Mark McG is a jack of all and a master of several too, especially within our scene, he is a one-man-music-industry. I've been following his career for a few years now, since hearing 'Overheard In The West End' while doing my old radio show, through attending (in body, if not in mind) his guerrilla-style open mic sessions over our years covering Kelburn Garden Party, he had a tent there annually where he made things happen, and he certainly did make things happen, that is exactly where we discovered some of our favourite musicians including The Twistettes, Ciaran Mac & O'B, and even Colonel Mustard I think.
I finally got round to reviewing Mark when he supported Abdominal & The Obliques on their UK tour. He was appearing under his Mark Mywords persona and I think I said "Glasgow's answer to John Cooper Clarke" or something like that. I think what I meant with this comparison was the raw, visceral deliverance with which Mark will hit you with his prose, shove it down your throat if needs be, he's a talented wordsmith though and it commands attention without the use of force.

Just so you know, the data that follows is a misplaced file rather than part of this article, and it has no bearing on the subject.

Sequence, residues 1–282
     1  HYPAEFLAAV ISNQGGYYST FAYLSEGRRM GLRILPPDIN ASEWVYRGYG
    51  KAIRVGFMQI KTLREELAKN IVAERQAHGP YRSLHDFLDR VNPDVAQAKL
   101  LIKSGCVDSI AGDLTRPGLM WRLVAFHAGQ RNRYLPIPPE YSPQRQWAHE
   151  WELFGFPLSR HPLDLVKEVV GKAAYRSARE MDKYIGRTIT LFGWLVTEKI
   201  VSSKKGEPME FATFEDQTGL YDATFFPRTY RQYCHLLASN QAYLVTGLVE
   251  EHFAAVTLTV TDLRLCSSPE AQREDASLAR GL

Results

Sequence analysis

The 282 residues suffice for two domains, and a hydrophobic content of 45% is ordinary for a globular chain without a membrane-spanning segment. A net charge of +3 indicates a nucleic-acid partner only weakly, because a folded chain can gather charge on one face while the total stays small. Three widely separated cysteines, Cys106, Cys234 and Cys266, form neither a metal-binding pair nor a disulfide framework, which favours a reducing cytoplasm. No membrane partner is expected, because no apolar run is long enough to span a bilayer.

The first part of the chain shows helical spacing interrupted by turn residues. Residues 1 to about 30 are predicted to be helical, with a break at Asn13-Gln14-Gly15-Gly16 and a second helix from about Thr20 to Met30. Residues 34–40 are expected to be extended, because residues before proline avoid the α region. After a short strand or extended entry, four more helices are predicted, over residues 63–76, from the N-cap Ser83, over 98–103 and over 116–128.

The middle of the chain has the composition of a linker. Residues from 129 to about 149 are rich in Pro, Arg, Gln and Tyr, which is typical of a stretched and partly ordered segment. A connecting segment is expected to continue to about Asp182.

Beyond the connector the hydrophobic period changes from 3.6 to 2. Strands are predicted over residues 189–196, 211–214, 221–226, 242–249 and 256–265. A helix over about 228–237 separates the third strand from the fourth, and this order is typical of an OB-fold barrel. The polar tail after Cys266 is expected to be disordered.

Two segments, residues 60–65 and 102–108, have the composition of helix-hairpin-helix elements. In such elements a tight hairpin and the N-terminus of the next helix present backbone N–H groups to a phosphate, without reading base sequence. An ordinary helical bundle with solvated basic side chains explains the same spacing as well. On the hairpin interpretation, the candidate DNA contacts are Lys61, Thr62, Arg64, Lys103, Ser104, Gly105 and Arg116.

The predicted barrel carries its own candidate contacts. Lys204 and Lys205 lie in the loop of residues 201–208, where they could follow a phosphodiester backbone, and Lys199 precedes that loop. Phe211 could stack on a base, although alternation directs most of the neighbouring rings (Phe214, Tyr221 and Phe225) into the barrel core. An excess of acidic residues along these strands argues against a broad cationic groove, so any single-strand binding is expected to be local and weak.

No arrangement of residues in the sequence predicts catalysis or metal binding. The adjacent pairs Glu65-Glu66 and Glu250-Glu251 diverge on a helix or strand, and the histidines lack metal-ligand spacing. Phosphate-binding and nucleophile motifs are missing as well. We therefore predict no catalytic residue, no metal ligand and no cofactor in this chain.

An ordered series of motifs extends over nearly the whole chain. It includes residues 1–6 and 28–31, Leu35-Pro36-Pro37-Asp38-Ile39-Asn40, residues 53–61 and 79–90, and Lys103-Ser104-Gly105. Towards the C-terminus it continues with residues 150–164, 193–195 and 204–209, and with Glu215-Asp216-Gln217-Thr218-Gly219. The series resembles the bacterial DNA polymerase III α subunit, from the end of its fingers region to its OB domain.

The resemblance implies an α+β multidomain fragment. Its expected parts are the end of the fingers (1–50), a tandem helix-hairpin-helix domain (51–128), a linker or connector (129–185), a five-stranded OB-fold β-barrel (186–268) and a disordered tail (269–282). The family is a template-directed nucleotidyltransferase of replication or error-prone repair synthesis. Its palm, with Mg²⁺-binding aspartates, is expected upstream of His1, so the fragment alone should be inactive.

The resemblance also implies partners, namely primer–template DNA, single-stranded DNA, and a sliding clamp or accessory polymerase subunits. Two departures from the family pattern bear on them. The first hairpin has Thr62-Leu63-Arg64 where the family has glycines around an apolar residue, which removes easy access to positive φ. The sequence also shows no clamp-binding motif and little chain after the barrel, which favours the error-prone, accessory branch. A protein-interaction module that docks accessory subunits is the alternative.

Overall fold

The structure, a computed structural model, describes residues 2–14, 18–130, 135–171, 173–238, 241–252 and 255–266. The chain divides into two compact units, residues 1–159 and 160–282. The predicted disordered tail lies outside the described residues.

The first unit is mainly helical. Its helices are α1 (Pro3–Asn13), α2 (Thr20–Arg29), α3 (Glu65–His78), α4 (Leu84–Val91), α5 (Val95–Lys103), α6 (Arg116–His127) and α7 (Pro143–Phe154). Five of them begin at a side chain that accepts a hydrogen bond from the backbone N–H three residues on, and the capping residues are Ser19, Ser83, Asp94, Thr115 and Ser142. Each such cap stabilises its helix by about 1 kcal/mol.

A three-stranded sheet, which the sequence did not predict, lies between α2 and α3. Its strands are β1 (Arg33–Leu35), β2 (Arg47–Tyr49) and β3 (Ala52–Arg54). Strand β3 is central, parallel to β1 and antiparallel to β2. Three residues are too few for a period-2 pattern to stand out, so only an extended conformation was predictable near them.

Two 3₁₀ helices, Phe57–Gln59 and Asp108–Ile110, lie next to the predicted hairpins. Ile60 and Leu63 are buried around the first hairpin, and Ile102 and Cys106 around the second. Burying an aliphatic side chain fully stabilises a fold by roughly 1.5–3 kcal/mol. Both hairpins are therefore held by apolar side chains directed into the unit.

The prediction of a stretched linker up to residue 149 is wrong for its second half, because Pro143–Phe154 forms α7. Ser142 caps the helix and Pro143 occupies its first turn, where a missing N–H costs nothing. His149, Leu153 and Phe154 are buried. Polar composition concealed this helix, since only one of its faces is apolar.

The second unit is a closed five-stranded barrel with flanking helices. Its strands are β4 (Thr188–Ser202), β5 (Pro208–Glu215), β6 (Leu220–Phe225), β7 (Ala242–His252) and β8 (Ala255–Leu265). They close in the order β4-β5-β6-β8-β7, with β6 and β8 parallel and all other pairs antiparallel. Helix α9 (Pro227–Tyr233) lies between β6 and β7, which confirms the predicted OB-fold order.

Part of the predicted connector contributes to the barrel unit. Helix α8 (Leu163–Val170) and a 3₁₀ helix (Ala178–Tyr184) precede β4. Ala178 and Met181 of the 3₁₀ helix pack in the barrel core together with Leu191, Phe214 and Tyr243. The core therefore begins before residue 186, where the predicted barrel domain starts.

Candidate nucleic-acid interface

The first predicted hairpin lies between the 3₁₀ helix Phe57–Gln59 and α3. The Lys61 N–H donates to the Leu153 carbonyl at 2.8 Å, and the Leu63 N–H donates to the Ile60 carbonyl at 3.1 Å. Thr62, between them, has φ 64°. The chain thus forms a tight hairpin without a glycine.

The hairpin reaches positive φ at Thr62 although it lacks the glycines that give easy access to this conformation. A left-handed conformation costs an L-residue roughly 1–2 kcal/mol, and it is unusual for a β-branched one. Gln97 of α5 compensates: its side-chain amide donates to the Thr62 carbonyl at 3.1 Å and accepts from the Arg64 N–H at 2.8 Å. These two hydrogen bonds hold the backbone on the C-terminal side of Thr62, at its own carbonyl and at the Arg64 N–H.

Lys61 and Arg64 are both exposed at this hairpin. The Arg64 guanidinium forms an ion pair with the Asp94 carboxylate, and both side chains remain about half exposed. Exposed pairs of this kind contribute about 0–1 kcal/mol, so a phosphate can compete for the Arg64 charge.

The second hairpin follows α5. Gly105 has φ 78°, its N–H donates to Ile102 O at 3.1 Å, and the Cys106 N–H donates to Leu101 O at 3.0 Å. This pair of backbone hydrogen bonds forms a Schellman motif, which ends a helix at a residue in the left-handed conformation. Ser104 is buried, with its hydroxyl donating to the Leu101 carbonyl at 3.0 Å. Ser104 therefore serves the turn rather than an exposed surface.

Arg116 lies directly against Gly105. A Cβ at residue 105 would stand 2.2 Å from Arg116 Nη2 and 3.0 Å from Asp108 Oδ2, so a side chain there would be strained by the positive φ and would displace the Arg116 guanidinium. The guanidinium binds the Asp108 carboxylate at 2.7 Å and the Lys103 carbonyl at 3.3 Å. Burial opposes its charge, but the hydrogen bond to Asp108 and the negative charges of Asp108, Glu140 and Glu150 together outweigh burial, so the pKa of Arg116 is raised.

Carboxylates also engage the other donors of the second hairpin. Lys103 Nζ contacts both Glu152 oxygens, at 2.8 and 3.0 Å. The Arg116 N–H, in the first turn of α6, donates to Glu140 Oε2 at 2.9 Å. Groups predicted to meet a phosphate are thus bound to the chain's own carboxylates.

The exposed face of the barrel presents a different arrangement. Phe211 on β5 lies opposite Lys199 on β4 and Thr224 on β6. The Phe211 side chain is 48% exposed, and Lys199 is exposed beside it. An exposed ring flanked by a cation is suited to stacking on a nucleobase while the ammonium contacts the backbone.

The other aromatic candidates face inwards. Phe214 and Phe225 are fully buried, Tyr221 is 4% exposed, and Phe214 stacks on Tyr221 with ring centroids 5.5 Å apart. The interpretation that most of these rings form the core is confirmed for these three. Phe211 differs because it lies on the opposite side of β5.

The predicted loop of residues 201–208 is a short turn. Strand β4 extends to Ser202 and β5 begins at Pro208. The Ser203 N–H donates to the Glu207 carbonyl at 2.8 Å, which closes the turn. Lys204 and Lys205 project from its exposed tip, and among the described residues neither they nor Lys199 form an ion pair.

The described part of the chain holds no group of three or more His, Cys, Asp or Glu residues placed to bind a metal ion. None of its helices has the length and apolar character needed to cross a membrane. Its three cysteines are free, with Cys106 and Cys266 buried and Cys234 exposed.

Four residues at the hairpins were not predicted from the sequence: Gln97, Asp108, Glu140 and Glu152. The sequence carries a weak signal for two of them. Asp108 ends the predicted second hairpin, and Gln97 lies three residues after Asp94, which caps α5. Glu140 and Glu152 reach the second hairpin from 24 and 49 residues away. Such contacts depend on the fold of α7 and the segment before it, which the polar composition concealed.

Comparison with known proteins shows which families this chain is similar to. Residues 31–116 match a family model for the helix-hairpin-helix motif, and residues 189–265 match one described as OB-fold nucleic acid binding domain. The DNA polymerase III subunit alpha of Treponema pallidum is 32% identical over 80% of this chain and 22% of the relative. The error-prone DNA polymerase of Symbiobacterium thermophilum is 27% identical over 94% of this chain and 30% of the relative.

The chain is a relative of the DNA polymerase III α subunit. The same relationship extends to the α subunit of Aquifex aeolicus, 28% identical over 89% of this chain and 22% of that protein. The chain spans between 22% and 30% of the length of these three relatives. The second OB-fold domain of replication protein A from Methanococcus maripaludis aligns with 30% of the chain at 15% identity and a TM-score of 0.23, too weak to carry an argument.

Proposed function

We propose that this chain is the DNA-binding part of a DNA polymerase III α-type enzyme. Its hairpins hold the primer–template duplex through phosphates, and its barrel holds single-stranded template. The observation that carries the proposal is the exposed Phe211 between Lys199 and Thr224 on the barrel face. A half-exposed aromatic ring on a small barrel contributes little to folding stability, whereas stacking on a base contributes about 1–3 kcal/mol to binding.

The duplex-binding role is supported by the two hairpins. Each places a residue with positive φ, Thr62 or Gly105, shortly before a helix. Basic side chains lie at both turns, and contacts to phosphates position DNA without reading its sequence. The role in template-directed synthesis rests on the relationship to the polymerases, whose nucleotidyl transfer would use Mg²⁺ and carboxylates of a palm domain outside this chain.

In my comparing him to JCC I was wrong, so very wrong... JCC doesn't front a cool band like The Girobabies, he doesn't have a chameleonic array of onstage personas, he hasn't released an album as eclectic and diverse as 'Need The Characters' and he doesn't impress me half as much with his word-wielding as Mark often does. So with all that being said, it is my esteemed privilege to be the first person outwith the project to hear Mark's debut album as rapper Jackal Trades, and I am pleased to report it is a fucking masterpiece!
I was sitting in a half-fucked funk, a sort of junkie limbo somewhere between too stoned, too drunk and under-slept at the darkest hour of 2am on Sunday morning/Saturday night, when Mark unexpectedly dropboxed me the album. I was literally peering through one eye and struggling to straighten up, but I pulled myself together in order to download the album to my laptop, fearing that maybe somehow if I waited til' next day it wouldn't be there anymore. It took a while to download and once it was finished and safely nestled in my iTunes library (between Jack White and Jackie Edwards) I had planned on going to sleep, but then something stirred inside me...